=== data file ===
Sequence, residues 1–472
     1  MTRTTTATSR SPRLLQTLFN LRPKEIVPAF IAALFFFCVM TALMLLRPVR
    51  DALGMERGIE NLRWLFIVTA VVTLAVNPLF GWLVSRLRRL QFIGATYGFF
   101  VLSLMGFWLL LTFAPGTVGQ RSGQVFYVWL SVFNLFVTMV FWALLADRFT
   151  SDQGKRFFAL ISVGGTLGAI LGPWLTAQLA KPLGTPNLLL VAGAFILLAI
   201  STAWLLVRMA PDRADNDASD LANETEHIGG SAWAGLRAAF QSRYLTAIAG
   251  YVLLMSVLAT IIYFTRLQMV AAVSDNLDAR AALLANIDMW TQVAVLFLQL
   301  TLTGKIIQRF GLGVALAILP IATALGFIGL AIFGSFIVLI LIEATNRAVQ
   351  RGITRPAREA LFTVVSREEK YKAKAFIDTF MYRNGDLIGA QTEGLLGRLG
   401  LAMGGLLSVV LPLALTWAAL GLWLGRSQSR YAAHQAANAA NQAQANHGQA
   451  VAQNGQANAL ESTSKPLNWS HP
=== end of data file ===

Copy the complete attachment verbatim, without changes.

Sequence, residues 1–472
     1  MTRTTTATSR SPRLLQTLFN LRPKEIVPAF IAALFFFCVM TALMLLRPVR
    51  DALGMERGIE NLRWLFIVTA VVTLAVNPLF GWLVSRLRRL QFIGATYGFF
   101  VLSLMGFWLL LTFAPGTVGQ RSGQVFYVWL SVFNLFVTMV FWALLADRFT
   151  SDQGKRFFAL ISVGGTLGAI LGPWLTAQLA KPLGTPNLLL VAGAFILLAI
   201  STAWLLVRMA PDRADNDASD LANETEHIGG SAWAGLRAAF QSRYLTAIAG
   251  YVLLMSVLAT IIYFTRLQMV AAVSDNLDAR AALLANIDMW TQVAVLFLQL
   301  TLTGKIIQRF GLGVALAILP IATALGFIGL AIFGSFIVLI LIEATNRAVQ
   351  RGITRPAREA LFTVVSREEK YKAKAFIDTF MYRNGDLIGA QTEGLLGRLG
   401  LAMGGLLSVV LPLALTWAAL GLWLGRSQSR YAAHQAANAA NQAQANHGQA
   451  VAQNGQANAL ESTSKPLNWS HP